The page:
Researchers for each clinical trial follow a protocol reviewed and approved by an institutional review board (IRB), a separate board of scientists, statisticians, physicians, and nurses who are not associated with the clinical trial. A Clinical Trial Protocol contains a study plan that describes the organization of a clinical trial, the background, rationale, objectives, and hypotheses; how the subjects are to be selected and how data are to be collected; primary exposures and methods of their measurements (an exposure is a factor that either causes, prevents, or treats an outcome), outcomes of interest and methods of their measurements; as well as intervening variables and methods of their measurements, type of study design, method of randomization, methods to control confounding bias prior to data analysis if randomization is not used, measures of association to be used, statistical methodology and analysis, including methods to control confounding bias during data analysis, and power calculations. It may also address issues of noncompliance, dropout as well as selection and information biases, and how nondifferential misclassification may affect the interpretation of results. The protocol also states the number of participants, eligibility requirements, agents that will be used, dosages, schedule of tests, the length of the study, and the larger population to which the results can be generalized. Note that both issues of internal validity and external validity have been covered in the description of clinical trial protocol given above. This protocol will also serve as the basis for writing the final report.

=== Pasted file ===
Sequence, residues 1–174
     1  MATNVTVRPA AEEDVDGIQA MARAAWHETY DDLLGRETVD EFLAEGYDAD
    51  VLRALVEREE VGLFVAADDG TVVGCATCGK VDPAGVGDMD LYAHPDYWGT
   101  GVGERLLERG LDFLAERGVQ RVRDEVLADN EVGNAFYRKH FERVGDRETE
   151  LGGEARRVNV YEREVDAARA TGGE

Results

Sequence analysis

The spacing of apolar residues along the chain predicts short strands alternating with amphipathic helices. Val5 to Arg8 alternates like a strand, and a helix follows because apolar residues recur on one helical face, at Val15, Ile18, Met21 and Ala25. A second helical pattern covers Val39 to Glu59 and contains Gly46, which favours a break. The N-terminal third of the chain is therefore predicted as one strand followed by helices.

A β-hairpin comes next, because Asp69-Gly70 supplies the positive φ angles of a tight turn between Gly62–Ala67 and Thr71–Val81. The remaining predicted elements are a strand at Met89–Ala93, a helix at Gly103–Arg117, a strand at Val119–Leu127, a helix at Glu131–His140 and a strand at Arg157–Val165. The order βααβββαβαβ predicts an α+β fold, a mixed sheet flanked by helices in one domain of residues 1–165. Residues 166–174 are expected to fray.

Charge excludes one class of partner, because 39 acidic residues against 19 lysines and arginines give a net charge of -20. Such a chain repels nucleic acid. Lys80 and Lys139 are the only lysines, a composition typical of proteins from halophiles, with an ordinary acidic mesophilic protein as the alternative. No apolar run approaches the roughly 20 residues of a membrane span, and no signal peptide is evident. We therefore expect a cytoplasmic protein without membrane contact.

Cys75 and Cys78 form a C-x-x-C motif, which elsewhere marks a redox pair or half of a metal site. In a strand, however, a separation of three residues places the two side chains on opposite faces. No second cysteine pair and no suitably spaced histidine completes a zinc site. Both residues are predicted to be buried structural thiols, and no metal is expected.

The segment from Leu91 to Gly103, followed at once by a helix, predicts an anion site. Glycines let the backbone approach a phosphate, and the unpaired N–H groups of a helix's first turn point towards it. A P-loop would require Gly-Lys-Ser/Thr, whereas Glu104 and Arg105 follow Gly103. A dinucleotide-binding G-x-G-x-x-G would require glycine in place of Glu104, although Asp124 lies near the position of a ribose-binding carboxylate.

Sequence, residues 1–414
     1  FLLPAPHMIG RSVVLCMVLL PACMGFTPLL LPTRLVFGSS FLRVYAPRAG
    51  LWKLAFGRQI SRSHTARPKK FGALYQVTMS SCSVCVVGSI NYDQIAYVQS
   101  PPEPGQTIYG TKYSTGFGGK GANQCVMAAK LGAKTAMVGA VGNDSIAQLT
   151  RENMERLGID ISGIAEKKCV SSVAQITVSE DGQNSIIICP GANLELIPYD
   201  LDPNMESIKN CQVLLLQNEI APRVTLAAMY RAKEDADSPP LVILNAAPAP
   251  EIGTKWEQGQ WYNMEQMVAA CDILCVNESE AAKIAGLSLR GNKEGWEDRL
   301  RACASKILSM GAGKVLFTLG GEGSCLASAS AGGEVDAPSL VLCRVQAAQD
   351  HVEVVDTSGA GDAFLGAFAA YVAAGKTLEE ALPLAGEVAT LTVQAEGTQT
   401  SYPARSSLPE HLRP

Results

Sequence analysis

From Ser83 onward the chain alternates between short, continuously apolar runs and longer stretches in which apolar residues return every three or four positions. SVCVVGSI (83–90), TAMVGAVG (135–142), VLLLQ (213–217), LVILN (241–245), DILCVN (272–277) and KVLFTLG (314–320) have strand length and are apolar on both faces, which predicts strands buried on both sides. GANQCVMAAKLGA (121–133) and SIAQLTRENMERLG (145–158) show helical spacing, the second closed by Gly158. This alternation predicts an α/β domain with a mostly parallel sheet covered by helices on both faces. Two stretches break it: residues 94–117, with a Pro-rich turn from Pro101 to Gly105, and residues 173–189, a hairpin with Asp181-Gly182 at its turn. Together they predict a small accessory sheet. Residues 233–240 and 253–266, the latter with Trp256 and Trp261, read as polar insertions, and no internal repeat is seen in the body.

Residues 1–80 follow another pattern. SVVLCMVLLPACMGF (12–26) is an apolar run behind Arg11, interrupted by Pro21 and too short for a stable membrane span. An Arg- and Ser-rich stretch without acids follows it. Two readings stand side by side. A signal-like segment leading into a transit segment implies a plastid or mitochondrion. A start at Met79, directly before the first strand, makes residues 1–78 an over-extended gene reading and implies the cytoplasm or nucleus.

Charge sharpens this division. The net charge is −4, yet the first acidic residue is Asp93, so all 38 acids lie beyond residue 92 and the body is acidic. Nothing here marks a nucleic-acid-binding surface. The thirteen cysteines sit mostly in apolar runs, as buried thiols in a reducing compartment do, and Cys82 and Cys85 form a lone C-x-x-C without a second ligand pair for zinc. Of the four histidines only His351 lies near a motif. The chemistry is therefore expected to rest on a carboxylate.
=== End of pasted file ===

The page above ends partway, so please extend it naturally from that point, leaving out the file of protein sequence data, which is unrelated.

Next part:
Randomized Controlled Clinical Trials